Business Equipment Protection
Business owners may also need Business Equipment Protection to cover the equipment they work with. This is different from the coverage found in your general liability insurance policy because Business Equipment Protection covers property your business owns that travels with you to jobs. General liability only pays for damage you cause to another person’s property.
The Business Equipment Protection arranged by Thimble is an inland marine policy. That’s a weird insurance term that basically means the coverage follows you wherever you go. For comparison, many property coverages are limited to covering property damage when it is located at the address listed on the policy. But if you run a business that requires taking equipment to different locations—like a photographer or a landscaper does—then you may need Business Equipment Protection.
How much does annual insurance cost?
Premiums are based on your zip code, crew size, policy term, and coverage amount. Of course, your total annual business insurance cost is the sum of the premiums on all your policies. Most small business owners pay between $500 and $1,000 per year for their annual insurance—way less than what they might pay if a lawsuit arises.
When you get annual insurance through Thimble, your entire premium is due at the start of the policy. Once paid, your policy is in force and we send you your policy and a document called a Certificate of Insurance that shows that you’re covered for a full year.
How much does general liability insurance cost annually?
The average small business owner pays around $500 per year for Thimble’s general liability insurance. Your rate may be a bit more or less depending on your business’ risk level. For example, businesses with employees often have higher premiums because the extra people represent greater risk, even just looking at the number of jobs and clients they touch each year.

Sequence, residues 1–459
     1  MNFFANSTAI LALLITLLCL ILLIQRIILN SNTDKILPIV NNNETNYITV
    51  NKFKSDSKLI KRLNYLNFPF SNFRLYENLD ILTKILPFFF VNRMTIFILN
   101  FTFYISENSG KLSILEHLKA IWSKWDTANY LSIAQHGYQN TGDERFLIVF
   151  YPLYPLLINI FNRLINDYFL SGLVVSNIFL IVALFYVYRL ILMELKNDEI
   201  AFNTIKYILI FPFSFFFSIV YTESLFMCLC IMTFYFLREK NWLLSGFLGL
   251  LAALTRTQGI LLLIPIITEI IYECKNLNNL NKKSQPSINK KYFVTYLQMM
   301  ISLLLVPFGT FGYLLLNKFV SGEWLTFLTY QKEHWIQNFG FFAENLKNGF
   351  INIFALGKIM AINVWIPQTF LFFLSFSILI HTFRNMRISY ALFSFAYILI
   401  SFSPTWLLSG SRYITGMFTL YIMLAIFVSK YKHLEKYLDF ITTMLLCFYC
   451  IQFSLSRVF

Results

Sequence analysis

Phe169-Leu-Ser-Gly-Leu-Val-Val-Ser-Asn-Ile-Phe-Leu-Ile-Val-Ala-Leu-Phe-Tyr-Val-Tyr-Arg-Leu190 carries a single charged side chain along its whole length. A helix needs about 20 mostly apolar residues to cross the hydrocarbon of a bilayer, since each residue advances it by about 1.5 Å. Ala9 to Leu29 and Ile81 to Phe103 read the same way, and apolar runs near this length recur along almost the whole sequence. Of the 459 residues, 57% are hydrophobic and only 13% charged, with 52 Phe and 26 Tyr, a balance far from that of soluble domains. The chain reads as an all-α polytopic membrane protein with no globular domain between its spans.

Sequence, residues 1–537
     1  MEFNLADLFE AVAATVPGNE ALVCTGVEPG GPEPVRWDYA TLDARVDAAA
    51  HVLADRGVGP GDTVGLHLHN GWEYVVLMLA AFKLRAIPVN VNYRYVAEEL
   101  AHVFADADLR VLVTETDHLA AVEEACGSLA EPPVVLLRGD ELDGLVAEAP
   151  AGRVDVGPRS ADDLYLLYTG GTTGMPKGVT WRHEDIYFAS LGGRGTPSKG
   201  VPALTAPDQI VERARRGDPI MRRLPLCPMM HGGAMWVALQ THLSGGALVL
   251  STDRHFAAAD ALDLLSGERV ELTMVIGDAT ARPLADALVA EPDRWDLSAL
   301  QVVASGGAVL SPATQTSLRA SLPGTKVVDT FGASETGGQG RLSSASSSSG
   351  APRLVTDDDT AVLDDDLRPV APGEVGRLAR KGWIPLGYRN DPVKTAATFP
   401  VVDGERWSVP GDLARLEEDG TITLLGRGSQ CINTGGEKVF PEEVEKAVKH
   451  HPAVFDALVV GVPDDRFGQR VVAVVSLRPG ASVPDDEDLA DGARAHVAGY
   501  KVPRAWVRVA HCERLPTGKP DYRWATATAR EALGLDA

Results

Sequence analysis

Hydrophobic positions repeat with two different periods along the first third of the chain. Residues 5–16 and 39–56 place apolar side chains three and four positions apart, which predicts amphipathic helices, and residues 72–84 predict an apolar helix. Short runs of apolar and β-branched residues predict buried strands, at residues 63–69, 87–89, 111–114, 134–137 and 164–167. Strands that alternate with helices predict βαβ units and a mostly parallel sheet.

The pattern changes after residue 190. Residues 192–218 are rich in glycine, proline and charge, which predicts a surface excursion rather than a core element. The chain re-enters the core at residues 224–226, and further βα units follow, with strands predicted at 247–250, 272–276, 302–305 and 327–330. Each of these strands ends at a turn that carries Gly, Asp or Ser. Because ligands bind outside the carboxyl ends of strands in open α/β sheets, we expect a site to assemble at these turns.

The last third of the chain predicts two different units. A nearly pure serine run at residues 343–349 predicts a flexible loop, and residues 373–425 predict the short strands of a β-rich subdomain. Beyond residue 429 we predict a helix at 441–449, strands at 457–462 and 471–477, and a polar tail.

Coverage limits also impact your annual insurance costs, so selecting higher limits can also increase your premium. However, when you arrange your policies through Thimble, you can opt for a $1 million or a $2 million limit. The $2 million limit raises your rate only slightly while giving you double the protection.
How much does professional liability insurance cost annually?
Professional liability insurance also costs the average small business owner about $500 per year. When you buy professional liability insurance, it is usually bundled with general liability insurance. The main factor here is your industry. In certain industries, like healthcare, professionals are more likely to be sued when things go sideways, making professional liability a no-brainer. Other professionals work in fields where mistakes can cause greater financial loss.
Marketing consultants are a good example of this. A marketer’s professional error can cause a more serious financial loss for a client than one made by a photographer. Even though that’s not an everyday occurrence, the risk is still present in the industry, which causes a marketer’s professional liability insurance premiums to be more expensive than others.
How much does BEP cost annually?
You can add Business Equipment Protection to any of Thimble’s policies that include general liability coverage. Together, the starting cost for these two coverages is $276 per year. How much you pay for Business Equipment Protection depends largely on the value of your business property.
Thimble offers coverage limits of $1000, $2500, and $5000, each with a $500 deductible. Higher limits will increase your premiums somewhat, but that low deductible is the entire amount you’re responsible for each time a valid claim is made.
Manage risk year-round
If you’re trying to choose between annual insurance and a monthly or short-term policy, remember the one you need is dictated by what you do. The coverage is essentially the same, but the continual coverage that comes with annual insurance may make more sense if you’ve entered long-term contracts.
Getting annual insurance is easy when you work with Thimble. With just a few simple details, we can get you a quote in less than 60 seconds. Click the green button to complete your purchase, and there you go—you’re insured for the next 365 days!